In this interview, Ned Curthoys and Isabelle Hesse, editors of Literary Representations of the Palestine/Israel Conflict After the Second Intifada, discuss their new book.
Tell us a bit about your book.
Our edited collection Literary Representations of the Palestine/Israel Conflict after the Second Intifada examines how literary works from different geopolitical contexts depict the Palestine/Israel conflict to a global audience. This is a book not just about Palestine/Israel but about work and activism on this topic in areas as diverse as Belgium, Canada, Egypt, France, Lebanon, the UK and the US that is trying to transform local perceptions or highlight related themes for global audiences.
The book also indicates that literature is affording ample scope to look beyond nationalist paradigms and resistance narratives that have helped shape, for example, Palestinian resistance to Israel. We’re also really interested in emergent genres such as the graphic novel, children’s and YA literature, and the profound influence they’re having on not only visualizing the conflict but allowing readers to understand its continuities with other traditions of discrimination and resistance.
Lastly there’s a sense with the emergence of new modes of online reportage such as blogs, and various forms of witnessing encompassing diverse forms of literary and cultural production, that there is more scope than ever for individual voices to emerge who can challenge dominant narratives. Indeed, there’s a larger story depicted in this volume about Palestinian (e. g. Susan Abalhawa and Suad Amiry), Israeli-Jewish (David Grossman), and diasporic Jewish (Harvey Pekar) writer-intellectuals who criticise stagnant discourses about the conflict and imaginatively rethinking where to go from here.
What inspired you to research this area?
Isabelle: I started working on Israel and Palestine as a PhD student in 2009 and have continued to research and publish on Israeli and Palestinian literature and culture as well as global responses to Israel and Palestine. In November 2018, I presented a paper on young adult fiction and Palestine/Israel at the Bildungsroman: Form and Transformation Conference in Sydney, which I transformed into a chapter for this edited collection. Ned was in the audience and we had a lively discussion about Palestine/Israel over a coffee and then we stayed in touch and came up with the idea for this edited collection, which we’re very happy to see in print after nearly 4 years.
Ned: Yes, I’m so grateful that conference occurred and that we met, particularly as it wasn’t too long afterwards that the state (province) I live in, after Covid, actually shut its borders to the rest of the country and travel became impossible. Both Isabelle and I realized we had a lot in common in terms of an interest in how various genres such as YA and the graphic novel – to mention just a few – were reinvigorating our perception of the Palestine/Israel conflict. I’ve been involved both academically and politically in this issue since I was a PhD student.
Did you discover anything particularly strange or surprising?
Ned: Apart from the fact you can work virtually/digitally with someone whom you have only briefly met in person, for 4 years, and produce a book, I would say it was simply the quality of scholarship and passionate interest from so many scholars across the globe that really reminded me there is no question of interest in the Palestinian struggle for civil and political rights disappearing any time soon. Anastasia Valossopoulos’s chapter on Matt Rees’s detective fiction was a real revelation to me and a reminder that innovative genre fiction is doing some really exciting work in this area.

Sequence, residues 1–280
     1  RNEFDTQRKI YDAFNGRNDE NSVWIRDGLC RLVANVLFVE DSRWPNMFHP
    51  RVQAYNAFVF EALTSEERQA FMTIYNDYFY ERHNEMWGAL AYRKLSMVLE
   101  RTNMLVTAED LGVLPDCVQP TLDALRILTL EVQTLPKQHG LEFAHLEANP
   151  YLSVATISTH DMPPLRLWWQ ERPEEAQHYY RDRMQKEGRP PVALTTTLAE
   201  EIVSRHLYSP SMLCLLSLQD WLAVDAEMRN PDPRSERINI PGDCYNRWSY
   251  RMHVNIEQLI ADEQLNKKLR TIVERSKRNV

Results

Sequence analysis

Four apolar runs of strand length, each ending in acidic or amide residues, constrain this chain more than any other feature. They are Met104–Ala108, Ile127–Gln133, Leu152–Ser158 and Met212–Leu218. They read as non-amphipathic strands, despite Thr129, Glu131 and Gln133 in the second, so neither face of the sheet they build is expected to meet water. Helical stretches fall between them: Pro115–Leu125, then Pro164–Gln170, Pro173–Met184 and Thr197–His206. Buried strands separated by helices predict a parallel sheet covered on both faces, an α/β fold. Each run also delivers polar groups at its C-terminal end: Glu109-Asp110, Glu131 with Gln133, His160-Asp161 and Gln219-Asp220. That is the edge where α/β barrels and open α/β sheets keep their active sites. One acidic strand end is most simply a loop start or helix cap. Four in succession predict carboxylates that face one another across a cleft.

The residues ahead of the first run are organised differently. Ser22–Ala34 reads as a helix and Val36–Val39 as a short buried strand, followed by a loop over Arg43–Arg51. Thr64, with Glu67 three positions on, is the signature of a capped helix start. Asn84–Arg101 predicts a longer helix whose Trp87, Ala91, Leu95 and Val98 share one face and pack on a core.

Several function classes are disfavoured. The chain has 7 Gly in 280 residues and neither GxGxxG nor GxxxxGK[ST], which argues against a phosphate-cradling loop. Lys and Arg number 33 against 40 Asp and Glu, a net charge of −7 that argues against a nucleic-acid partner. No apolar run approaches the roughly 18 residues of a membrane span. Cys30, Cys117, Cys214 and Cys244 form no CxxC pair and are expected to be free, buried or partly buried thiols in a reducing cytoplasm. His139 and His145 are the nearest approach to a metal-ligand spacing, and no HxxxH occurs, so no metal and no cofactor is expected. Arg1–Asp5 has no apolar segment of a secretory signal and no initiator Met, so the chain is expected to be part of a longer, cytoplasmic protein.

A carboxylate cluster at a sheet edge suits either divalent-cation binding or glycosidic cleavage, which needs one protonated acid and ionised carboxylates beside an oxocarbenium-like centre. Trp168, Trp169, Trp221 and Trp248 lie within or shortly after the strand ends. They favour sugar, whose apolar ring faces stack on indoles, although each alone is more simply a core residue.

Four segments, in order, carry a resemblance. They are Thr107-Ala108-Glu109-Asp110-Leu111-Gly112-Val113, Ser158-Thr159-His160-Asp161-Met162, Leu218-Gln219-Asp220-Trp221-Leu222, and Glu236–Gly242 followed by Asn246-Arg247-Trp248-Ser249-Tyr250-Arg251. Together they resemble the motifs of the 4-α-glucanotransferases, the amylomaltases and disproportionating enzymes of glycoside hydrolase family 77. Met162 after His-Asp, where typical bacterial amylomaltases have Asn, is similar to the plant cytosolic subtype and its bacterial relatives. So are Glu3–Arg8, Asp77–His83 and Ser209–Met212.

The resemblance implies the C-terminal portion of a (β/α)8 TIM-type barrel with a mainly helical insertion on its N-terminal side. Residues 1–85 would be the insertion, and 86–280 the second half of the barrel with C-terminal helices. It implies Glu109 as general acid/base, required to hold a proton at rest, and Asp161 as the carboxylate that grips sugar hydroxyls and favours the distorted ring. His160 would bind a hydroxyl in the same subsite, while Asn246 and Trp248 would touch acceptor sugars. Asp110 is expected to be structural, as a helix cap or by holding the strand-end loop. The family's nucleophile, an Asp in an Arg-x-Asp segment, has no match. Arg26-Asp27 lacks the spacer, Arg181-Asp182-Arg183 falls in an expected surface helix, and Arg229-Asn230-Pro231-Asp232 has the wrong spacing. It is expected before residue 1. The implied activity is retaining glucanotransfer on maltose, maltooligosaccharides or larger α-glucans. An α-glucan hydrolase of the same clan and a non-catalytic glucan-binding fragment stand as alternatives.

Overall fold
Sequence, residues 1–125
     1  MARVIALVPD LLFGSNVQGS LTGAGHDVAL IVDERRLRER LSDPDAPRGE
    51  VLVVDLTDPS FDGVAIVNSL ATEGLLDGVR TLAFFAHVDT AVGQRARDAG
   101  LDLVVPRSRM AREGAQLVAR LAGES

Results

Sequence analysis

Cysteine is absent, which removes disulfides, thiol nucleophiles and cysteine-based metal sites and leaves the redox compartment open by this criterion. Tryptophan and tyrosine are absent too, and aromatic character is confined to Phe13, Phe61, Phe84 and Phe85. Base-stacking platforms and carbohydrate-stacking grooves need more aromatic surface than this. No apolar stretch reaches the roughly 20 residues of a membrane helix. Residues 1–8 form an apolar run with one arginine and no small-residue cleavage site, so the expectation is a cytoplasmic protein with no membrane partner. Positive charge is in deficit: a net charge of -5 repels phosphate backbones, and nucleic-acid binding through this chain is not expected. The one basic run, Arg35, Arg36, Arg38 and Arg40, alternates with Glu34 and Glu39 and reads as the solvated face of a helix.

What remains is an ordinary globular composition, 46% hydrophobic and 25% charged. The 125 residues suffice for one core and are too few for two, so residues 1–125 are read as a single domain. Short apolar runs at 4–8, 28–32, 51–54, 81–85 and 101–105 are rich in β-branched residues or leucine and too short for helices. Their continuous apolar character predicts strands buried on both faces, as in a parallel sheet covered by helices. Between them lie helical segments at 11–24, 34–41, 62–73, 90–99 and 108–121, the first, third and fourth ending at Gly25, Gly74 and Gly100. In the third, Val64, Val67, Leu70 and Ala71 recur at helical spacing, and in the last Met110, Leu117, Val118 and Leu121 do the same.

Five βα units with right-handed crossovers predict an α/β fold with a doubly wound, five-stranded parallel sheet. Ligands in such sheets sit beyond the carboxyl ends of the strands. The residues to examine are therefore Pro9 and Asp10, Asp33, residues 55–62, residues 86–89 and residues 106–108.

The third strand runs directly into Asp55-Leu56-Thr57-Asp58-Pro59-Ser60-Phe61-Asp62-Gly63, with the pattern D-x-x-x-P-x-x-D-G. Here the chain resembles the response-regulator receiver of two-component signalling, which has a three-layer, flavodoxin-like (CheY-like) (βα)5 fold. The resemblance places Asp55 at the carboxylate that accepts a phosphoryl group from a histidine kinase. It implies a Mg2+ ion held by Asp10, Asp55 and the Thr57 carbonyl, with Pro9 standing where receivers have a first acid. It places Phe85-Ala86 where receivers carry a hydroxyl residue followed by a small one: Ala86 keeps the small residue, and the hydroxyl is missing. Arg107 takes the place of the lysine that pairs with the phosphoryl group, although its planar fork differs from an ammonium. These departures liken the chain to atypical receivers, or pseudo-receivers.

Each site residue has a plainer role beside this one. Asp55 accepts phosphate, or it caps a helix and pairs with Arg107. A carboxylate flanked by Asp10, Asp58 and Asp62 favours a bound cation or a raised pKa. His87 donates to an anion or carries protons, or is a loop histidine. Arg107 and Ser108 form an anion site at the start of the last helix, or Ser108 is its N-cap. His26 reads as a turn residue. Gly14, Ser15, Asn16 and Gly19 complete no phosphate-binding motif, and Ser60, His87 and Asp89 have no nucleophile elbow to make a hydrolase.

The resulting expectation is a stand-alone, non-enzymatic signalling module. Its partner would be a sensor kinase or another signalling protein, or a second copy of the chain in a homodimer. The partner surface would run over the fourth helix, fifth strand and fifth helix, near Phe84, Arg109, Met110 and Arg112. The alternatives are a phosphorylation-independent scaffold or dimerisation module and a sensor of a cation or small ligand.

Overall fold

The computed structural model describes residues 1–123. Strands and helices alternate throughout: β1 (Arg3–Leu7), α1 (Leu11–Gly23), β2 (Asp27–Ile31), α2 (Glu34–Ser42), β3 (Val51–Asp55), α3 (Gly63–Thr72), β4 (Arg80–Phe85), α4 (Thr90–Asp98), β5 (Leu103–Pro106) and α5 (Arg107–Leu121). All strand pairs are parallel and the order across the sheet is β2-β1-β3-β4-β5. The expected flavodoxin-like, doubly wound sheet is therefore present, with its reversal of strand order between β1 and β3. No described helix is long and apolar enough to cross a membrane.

Isabelle: Maybe not strange or surprising but we were very excited about including chapters about texts that had not been widely discussed, such as Sahar Abdallah’s adaptation of Mahmoud Darwish’s poetry in Egyptian children’s books, discussed in Magda Hasabelnaby and Radwa R. Mahmoud’s chapter or the Francophone graphic novels that Lowry Martin’s chapter focuses on, and texts that introduce new angles and perspectives on canonical works, such as Niva Kaspi’s examination of linguistic nuances in David Grossman’s To The End of the Land, and to bring these together in one edited collection.
What’s next for you?
Ned: Apart from reading Isabelle’s monograph described below as soon as I can I am working on a monograph about the Bildungsroman and recent historical fiction that is not too far from completion. I’m sure I’ll find more ways to think about and hopefully contribute to this issue before too long.
Isabelle: I have just completed my second monograph entitled Reimagining Palestine and Israel in British and German Culture, which is similar to our edited collection in that it considers how works from outside the region engage with Palestine and Israel.
About the Book
Literary Representations of the Palestine/Israel Conflict After the Second Intifada brings together discussions of literary works from Israel, the Occupied Palestinian Territories, the Palestinian and Jewish Diasporas, as well as from authors and creators not directly involved with the conflict who are seeking to unpack its complexities for a wider audience. It offers new perspectives into how the Palestine/Israel conflict is, and can be, represented after the Second Palestinian Intifada, an epochal event for both Israelis and Palestinians.
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